Context: Although it has been hypothesized that hypertension is in part an inflammatory disorder, clinical data linking inflammation with incident hypertension are scarce.
Objective: To examine whether C-reactive protein levels, a marker of systemic inflammation, are associated with incident hypertension.
Design, setting, and participants: A prospective cohort study that began in 1992 of 20 525 female US health professionals aged 45 years or older who provided baseline blood samples with initially normal levels of blood pressure (BP) (systolic BP <140 mm Hg and diastolic BP <90 mm Hg, and no history of hypertension or antihypertensive medications) and then followed up for a median of 7.8 years for the development of incident hypertension. Plasma C-reactive protein levels were measured and baseline coronary risk factors were collected.
Main outcome measure: Incident hypertension, defined as either a new physician diagnosis, the initiation of antihypertensive treatment, or self-reported systolic BP of at least 140 mm Hg or a diastolic BP of at least 90 mm Hg.
Results: During follow-up, 5365 women developed incident hypertension. In crude models, the relative risks (RRs) and 95% confidence intervals (CIs) of developing hypertension from the lowest (referent) to the highest levels of baseline C-reactive protein were 1.00, 1.25 (95% CI, 1.14-1.40), 1.51 (95% CI, 1.35-1.68), 1.90 (95% CI, 1.72-2.11), and 2.50 (95% CI, 2.27-2.75) (linear trend P<.001). In fully adjusted models for coronary risk factors, the RRs and 95% CIs were 1.00, 1.07 (95% CI, 0.95-1.20), 1.17 (95% CI, 1.04-1.31), 1.30 (95% CI, 1.17-1.45), and 1.52 (95% CI, 1.36-1.69) (linear trend P<.001). C-reactive protein was significantly associated with an increased risk of developing hypertension in all prespecified subgroups evaluated, including those with very low levels of baseline BP, as well as those with no traditional coronary risk factors. Similar results were found when treating C-reactive protein as a continuous variable and controlling for baseline BP.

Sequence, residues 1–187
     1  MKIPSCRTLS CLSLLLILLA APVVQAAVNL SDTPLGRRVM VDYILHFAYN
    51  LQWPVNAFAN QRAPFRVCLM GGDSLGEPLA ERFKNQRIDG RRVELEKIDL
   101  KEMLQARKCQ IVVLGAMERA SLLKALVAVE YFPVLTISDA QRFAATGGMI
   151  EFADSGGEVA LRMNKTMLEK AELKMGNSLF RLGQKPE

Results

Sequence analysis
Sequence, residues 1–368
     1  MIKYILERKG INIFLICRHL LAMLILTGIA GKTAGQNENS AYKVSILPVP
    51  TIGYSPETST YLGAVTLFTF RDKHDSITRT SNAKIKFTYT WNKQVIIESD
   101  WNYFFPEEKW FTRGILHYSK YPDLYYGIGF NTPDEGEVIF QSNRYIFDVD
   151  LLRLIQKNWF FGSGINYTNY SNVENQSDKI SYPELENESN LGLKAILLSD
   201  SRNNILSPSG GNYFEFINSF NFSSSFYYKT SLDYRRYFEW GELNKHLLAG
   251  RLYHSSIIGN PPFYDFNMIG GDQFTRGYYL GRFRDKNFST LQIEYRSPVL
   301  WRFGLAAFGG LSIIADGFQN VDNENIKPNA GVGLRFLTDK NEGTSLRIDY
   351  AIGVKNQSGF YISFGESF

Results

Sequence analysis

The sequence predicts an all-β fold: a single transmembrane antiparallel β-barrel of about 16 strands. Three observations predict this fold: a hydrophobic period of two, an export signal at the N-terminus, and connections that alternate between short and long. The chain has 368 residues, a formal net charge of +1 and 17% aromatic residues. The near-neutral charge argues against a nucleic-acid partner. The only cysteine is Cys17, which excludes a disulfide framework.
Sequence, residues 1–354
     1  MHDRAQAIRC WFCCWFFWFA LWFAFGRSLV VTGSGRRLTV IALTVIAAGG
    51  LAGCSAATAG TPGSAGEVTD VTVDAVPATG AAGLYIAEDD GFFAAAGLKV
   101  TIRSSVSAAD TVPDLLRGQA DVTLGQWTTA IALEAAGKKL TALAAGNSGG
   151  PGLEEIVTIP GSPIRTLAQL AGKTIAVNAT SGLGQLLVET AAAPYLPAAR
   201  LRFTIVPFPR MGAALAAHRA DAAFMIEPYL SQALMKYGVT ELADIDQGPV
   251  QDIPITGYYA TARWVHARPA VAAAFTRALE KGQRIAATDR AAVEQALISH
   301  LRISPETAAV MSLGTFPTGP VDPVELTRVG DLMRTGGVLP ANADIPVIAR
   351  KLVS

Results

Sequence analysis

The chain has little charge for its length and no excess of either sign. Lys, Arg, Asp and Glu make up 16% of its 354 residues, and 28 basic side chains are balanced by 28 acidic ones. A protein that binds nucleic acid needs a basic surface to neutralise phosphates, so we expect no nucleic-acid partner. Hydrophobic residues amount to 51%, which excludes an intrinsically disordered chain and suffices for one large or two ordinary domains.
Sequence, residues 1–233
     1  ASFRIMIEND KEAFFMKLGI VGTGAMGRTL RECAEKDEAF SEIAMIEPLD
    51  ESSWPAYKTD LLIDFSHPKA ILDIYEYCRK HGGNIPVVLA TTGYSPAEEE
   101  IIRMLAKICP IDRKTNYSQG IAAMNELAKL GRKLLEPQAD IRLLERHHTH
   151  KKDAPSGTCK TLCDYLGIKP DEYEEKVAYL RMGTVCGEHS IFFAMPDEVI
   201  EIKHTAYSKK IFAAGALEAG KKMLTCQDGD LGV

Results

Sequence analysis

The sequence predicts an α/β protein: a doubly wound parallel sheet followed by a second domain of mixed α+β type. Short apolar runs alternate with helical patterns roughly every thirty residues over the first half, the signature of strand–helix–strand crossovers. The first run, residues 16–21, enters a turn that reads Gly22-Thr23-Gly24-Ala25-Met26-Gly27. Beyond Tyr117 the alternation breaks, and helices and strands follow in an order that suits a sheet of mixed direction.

Conclusion: C-reactive protein levels are associated with future development of hypertension, which suggests that hypertension is in part an inflammatory disorder.